Best For Hippies
No food scene can be considered truly diverse until it has ingested the vegetable smoothie craze of the hippy era, nowadays re-amped by yoga mums. Galveston’s entry is Oasis Juice Bar & Market on 25th St. where the thoughtful and attractive Kathleen DiNatale doubles as cafe owner and instructor at the Yoga Haven. The menu comprises a column of juices squeezed from some 20 fruits, vegetables and even garlic and parsley. Pride of place goes to wheatgrass, which is accorded something of a first-among-equals status. To my palate, I wonder what the fuss is about. We also tried some of the list of creative smoothies. Monkey N Around (banana, almond butter, apple, chocolate almond milk) satisfies the inner bananaholic and Berry Good (blueberry, strawberry, raspberry, blackberry, banana and almond milk) is a fruit hit. The remaining repertoire at Oasis is a large selection of teas, fresh-made coffee, soup and sandwiches. It’s a quirky, unusual space that adds oozes authenticity. People come and dwell here, partly thanks to the free Wi-Fi.
Breakfast of champions. Wheatgrass shot with wheatgrass
Right behind Oasis is the fledgling Galveston’s Own Farmer’s Market. Currently about eight vendors strong, it is opne each Sunday morning between 9am and 1pm.
Andrea Hunting, owner of eatcetera serves food at the pass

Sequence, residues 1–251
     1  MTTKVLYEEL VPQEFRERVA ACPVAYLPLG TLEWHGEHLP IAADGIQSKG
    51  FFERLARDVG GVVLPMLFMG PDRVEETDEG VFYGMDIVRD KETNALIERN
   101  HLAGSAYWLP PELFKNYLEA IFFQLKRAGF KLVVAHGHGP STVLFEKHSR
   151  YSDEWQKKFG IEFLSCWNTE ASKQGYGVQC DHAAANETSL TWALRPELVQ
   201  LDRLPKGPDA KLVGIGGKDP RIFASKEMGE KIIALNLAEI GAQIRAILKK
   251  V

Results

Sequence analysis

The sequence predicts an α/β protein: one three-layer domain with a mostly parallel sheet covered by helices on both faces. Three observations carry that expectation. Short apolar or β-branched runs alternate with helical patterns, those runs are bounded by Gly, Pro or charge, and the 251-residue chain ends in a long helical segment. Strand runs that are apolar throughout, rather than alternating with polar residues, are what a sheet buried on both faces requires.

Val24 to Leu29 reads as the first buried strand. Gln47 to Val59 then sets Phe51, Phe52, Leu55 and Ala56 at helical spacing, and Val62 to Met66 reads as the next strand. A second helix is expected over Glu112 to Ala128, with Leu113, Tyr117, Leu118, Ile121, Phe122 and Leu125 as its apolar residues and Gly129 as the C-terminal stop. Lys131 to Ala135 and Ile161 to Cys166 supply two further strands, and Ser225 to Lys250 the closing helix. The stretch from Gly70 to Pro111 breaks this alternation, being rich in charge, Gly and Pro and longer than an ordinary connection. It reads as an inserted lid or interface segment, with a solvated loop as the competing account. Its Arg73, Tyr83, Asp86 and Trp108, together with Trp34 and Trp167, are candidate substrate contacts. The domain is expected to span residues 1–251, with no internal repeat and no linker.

Opposite Oasis, the minimalist eatcetera quality sandwich shop turns out choices like Black Angus Roast Beef with Blue Cheese Cream ($10) Served with cured onions, bell peppers and baby greens means an interesting lunch or early dinner for not much money. Either eat in, at the counter or one of the tables and chairs made by the owner’s husband, or take out. If I was owner Andrea Hunting, I would give the minimal wine list to a sommelier friend and say “in return for a sandwich, replace each of these wines with one at the same price point that delivers more to my customer”.
Beachtown, seen from Porch Café
At the east end of the island is Beachtown, a vacation home development. There, Porch Café serves lunch, dinner and Sunday brunch. Chef Stephen Griffith already had a reputation before he opened Porch. He now offers a New American take in a seafood-leaning menu with choices like Lobster Crepes Mornay ($40), Pumpkin Seed Crusted Snapper ($36) and Wagyu 16 oz Chili-Rubbed Sirloin ($48). There is a range of good flatbreads and straightforward sandwiches. The best way to go here may be to choose two appetizers (small plates, in the menu’s idiom) such as bloody mary ceviche ($12), fried oysters ($15) or lollipop lamb chops ($10). It would be helpful to see the provenance of the ingredients on the menu.
[IMG_3032.JPG. Caption:Bloody Mary Ceviche at Porch Café]
With the law changing to allow brewpubs to make off-premise sales, Beerfoot Beach Bar is set to become more of a micro-brewery. Micro will be the operative word unless they expand the diminutive side room that functions as the 2-3 barrel brewery right now. They release a new beer each week and when it’s gone, it’s gone. That accompanies a carefully crafted selection of about 100 brought-in beers from all over the world. Brewmaster Mark Dell’Osso even hands the reins over to a guest Brewmaster of the Month who brews their own beer and has it sold in the pub.
Beerfoot’s Beer Production capacity Is tiny